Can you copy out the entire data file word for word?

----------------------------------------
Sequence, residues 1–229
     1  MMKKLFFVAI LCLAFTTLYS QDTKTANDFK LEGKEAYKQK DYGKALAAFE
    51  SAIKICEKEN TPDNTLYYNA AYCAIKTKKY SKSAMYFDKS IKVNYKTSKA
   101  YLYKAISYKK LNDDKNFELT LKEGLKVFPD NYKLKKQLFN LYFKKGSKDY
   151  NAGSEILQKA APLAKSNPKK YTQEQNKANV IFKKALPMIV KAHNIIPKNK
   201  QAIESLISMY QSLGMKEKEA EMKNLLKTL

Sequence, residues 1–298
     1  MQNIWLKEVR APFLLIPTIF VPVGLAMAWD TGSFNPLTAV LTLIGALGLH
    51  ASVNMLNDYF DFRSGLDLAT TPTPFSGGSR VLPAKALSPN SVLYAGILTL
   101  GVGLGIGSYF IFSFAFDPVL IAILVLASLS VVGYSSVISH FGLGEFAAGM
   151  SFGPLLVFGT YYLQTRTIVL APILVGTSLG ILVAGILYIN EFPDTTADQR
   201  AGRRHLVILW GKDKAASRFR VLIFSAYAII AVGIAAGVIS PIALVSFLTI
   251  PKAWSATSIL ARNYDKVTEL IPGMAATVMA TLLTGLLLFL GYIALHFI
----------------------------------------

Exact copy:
Sequence, residues 1–229
     1  MMKKLFFVAI LCLAFTTLYS QDTKTANDFK LEGKEAYKQK DYGKALAAFE
    51  SAIKICEKEN TPDNTLYYNA AYCAIKTKKY SKSAMYFDKS IKVNYKTSKA
   101  YLYKAISYKK LNDDKNFELT LKEGLKVFPD NYKLKKQLFN LYFKKGSKDY
   151  NAGSEILQKA APLAKSNPKK YTQEQNKANV IFKKALPMIV KAHNIIPKNK
   201  QAIESLISMY QSLGMKEKEA EMKNLLKTL

Sequence, residues 1–298
     1  MQNIWLKEVR APFLLIPTIF VPVGLAMAWD TGSFNPLTAV LTLIGALGLH
    51  ASVNMLNDYF DFRSGLDLAT TPTPFSGGSR VLPAKALSPN SVLYAGILTL
   101  GVGLGIGSYF IFSFAFDPVL IAILVLASLS VVGYSSVISH FGLGEFAAGM
   151  SFGPLLVFGT YYLQTRTIVL APILVGTSLG ILVAGILYIN EFPDTTADQR
   201  AGRRHLVILW GKDKAASRFR VLIFSAYAII AVGIAAGVIS PIALVSFLTI
   251  PKAWSATSIL ARNYDKVTEL IPGMAATVMA TLLTGLLLFL GYIALHFI